LOS ANGELES -- The disqualification of a 70-year-old runner who set a record time for his age group in the Los Angeles Marathon is now sending shock waves through the running community.
Retired Dr. Frank Meza finished the marathon with an official time of 2:53:10 - setting a record for his age group. The next person behind him in the group finished with a time of 4:10:07.
The performance was astonishing - so much that marathon investigator Derek Murphy took a closer look.
He says he found video that shows Meza leaving the course.
"What you see is he comes onto the course after being along the sidewalk for an unknown period of time," Murphy said. "I looked back 6 minutes (on the video) and he was never on the portion of the course leading up to the sidewalk so it showed me he didn't run that full part of the course."
The marathon disqualified Meza for alleged cheating and awarded the win for the age group to the second finisher.
Still, Meza has his supporters in the running community.
"Until I get more deeper understanding I support Frank," said Jose Zavala, head of Aztlan Athletics.
Meza founded Aztlan Track Club in 1974. That's how Zavala got to know him years later.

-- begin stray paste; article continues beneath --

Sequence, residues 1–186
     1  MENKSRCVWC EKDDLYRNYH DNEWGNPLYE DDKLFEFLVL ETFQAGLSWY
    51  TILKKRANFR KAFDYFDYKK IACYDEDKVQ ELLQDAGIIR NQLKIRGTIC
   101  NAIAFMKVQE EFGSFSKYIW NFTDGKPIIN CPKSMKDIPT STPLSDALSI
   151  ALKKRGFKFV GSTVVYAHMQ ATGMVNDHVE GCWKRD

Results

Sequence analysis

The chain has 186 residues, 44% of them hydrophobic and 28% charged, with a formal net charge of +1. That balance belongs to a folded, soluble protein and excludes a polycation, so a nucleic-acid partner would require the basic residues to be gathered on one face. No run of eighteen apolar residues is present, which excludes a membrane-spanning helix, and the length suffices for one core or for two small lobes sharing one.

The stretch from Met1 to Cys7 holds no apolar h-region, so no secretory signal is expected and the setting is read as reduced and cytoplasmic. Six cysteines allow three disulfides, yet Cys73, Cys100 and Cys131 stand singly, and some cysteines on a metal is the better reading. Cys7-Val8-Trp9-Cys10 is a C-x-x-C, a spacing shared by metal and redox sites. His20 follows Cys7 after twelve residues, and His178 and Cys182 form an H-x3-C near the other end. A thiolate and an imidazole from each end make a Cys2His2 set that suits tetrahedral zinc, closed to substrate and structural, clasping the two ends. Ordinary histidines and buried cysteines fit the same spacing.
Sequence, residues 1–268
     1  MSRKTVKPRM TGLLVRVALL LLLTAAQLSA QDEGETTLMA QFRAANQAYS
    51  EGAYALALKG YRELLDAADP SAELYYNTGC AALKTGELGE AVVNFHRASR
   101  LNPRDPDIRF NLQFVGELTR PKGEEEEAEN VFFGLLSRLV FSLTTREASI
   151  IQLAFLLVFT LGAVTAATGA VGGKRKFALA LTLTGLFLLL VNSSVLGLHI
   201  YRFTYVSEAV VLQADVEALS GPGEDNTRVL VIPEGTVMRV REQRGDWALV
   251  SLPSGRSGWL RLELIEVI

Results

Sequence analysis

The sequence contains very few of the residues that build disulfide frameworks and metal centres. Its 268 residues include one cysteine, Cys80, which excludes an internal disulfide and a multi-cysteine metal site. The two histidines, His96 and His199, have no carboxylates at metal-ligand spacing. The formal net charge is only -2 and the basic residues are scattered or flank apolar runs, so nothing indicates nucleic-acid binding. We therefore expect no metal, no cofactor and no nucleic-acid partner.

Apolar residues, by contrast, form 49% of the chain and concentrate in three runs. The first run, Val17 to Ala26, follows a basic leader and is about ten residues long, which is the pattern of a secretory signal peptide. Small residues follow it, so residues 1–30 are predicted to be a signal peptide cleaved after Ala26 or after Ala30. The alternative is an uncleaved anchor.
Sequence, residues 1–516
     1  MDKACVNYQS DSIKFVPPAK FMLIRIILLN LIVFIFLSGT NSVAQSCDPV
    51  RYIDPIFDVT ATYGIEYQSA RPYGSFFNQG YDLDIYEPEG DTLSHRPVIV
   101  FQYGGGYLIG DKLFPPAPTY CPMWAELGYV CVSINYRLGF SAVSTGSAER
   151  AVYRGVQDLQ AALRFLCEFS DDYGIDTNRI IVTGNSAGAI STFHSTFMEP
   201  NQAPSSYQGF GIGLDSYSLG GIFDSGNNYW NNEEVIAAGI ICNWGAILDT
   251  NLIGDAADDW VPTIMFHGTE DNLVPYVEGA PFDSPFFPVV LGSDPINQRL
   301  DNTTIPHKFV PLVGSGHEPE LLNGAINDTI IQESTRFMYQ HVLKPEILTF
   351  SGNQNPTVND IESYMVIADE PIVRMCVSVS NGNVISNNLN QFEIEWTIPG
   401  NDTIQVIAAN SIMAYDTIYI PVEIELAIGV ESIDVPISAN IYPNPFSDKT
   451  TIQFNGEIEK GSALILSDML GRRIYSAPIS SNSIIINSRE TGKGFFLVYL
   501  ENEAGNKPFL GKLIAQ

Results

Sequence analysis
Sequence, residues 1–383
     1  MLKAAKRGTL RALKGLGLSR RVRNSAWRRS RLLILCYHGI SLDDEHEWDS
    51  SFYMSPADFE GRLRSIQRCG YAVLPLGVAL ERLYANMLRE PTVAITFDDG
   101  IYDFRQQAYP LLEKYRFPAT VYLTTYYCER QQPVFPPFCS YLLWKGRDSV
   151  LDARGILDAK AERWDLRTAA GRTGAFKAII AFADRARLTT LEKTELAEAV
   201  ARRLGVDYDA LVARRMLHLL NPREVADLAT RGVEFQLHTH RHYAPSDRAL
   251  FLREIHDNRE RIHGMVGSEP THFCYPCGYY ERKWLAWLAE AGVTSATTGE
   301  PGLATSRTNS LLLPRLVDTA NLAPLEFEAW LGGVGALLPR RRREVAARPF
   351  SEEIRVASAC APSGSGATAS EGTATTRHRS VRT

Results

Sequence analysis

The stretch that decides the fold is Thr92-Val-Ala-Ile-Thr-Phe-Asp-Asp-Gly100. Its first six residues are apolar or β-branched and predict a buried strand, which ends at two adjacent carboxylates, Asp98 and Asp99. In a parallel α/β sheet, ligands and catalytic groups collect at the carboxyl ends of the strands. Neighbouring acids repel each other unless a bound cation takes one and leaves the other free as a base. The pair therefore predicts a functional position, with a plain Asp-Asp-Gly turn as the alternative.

Zavala runs the Aztlan Athletics which helps organize and run community-based events.
He says he's not yet convinced Meza cheated.
"Based on when I see him running on the trails, based on his training - he's fit, he's in incredible shape."
Meza's team issued a statement saying in part: "In due time he will set the record straight and address all of the allegations. Now it's just not the right time."
But Meza's other marathon times are now under scrutiny, including the 2019 Sprouts Mesa-Phoenix Marathon. Organizers are now investigating his finish time.
Their statement reads in part: "The Sprouts Mesa-Phx Marathon will take swift and necessary action following the conclusion of our investigation. We are very serious about doing our part to ensure the integrity of our sport."
Meza also coached cross-country track at Loyola High School in Los Angeles. The school says he stepped down in June for health reasons.
The school declined comment on the marathon situation, noting it had nothing to do with his role at the school.